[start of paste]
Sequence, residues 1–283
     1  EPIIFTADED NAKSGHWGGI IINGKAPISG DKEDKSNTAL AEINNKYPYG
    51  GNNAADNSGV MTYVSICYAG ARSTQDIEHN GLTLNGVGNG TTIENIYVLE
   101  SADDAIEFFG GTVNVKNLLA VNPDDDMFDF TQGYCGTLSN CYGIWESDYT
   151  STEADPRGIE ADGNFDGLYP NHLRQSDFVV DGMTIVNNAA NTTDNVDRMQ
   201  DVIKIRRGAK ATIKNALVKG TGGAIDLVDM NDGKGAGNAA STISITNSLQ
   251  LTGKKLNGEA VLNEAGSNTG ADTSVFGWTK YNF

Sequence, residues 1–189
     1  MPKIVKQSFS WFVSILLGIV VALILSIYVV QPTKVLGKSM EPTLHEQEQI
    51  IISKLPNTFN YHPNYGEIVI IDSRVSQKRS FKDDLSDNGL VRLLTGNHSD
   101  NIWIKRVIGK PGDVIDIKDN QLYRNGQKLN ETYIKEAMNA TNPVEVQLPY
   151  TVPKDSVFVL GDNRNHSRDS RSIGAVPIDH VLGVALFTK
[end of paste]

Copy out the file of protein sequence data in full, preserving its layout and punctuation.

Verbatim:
Sequence, residues 1–283
     1  EPIIFTADED NAKSGHWGGI IINGKAPISG DKEDKSNTAL AEINNKYPYG
    51  GNNAADNSGV MTYVSICYAG ARSTQDIEHN GLTLNGVGNG TTIENIYVLE
   101  SADDAIEFFG GTVNVKNLLA VNPDDDMFDF TQGYCGTLSN CYGIWESDYT
   151  STEADPRGIE ADGNFDGLYP NHLRQSDFVV DGMTIVNNAA NTTDNVDRMQ
   201  DVIKIRRGAK ATIKNALVKG TGGAIDLVDM NDGKGAGNAA STISITNSLQ
   251  LTGKKLNGEA VLNEAGSNTG ADTSVFGWTK YNF

Sequence, residues 1–189
     1  MPKIVKQSFS WFVSILLGIV VALILSIYVV QPTKVLGKSM EPTLHEQEQI
    51  IISKLPNTFN YHPNYGEIVI IDSRVSQKRS FKDDLSDNGL VRLLTGNHSD
   101  NIWIKRVIGK PGDVIDIKDN QLYRNGQKLN ETYIKEAMNA TNPVEVQLPY
   151  TVPKDSVFVL GDNRNHSRDS RSIGAVPIDH VLGVALFTK